So, the [dossier contained] information about where we lived, documented proof about what happened to my parents, [and other] things like that. That dossier provided very valuable information to me. But most of the information that I really wanted, I could only get with the Internet. [The internet enabled me to] get names, and contact information, where I could even contact the people that I really had to contact. Sometimes I would get stuff in writing, perhaps through emails and faxes from people overseas, disproving things that I thought were true and turned out to be false. So, all this took a long time.
When did you move to the United States?
I moved to the United States in June of 1979. I moved to San Diego with family members, and I was 37 years old.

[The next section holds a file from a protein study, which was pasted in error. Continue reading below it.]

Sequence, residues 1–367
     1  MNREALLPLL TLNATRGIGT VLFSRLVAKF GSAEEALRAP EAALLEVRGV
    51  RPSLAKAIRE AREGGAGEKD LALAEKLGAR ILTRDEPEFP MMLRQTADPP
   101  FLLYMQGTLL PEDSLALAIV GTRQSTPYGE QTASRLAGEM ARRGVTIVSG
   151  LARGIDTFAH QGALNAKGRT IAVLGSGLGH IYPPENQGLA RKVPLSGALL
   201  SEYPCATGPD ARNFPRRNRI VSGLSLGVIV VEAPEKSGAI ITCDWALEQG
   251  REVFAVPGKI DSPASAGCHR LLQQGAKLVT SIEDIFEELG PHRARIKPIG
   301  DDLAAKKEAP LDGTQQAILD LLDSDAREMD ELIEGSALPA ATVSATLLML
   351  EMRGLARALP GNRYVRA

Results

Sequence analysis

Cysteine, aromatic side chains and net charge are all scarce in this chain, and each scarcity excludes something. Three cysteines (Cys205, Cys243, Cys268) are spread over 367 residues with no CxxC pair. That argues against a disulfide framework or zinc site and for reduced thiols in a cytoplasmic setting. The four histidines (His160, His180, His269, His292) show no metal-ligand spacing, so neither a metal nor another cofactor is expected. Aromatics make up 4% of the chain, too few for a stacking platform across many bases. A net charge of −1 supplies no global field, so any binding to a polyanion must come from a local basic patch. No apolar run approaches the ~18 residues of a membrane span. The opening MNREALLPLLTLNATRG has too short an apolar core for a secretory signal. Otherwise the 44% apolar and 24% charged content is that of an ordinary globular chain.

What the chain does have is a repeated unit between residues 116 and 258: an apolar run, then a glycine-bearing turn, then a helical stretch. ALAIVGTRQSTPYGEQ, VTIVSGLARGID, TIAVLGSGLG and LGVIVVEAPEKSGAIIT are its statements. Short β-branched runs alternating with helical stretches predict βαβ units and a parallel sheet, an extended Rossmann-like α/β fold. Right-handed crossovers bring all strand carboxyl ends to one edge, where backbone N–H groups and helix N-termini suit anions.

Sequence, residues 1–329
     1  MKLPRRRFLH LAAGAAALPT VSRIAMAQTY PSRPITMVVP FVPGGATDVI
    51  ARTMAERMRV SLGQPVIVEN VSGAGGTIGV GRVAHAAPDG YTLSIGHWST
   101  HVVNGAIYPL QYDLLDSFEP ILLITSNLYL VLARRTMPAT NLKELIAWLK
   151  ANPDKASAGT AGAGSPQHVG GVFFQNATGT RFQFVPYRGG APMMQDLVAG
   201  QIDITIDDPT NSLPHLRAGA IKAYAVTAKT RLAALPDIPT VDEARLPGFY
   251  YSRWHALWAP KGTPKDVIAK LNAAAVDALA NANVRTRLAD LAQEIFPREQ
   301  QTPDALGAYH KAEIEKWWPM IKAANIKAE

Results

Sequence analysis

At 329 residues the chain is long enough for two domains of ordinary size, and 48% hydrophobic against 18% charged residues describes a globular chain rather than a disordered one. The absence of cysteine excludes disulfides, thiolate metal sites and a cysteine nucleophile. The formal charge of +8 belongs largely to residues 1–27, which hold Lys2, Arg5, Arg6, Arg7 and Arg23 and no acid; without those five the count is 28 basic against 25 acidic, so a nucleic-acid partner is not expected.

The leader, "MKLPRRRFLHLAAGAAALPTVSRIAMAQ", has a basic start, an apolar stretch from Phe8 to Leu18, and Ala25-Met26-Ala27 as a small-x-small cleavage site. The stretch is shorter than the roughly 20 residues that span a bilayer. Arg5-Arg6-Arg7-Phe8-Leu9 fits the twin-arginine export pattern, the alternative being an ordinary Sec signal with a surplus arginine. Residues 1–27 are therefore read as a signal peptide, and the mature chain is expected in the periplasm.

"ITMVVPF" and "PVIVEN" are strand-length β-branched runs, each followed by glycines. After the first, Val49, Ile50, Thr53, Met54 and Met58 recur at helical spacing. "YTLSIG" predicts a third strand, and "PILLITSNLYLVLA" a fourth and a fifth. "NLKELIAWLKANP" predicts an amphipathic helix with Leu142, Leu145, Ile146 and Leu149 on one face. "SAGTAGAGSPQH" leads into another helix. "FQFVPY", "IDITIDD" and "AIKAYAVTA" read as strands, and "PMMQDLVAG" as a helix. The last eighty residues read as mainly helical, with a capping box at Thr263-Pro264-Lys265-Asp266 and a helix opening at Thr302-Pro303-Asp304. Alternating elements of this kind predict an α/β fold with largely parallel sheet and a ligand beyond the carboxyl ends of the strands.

Do you think the Holocaust strengthened or weakened your faith in the Jewish religion?
Well in my case, that is probably is not the right question, because I didn’t know what faith meant before the war. So, I think the fact that I knew what happened to me during the Holocaust, I think [the Holocaust] probably [did] not [strengthen my faith]. Whatever faith I had probably was not because of or even despite the Holocaust. Faith is an independent thing for me.
Did you form friendships during your experience?
No. My rescuing family was in the doghouse with their neighbors. Their neighbors had all found out that I was Jewish, and they probably didn’t want their children to befriend me at that time.
Why do you think it is so important to share your experiences?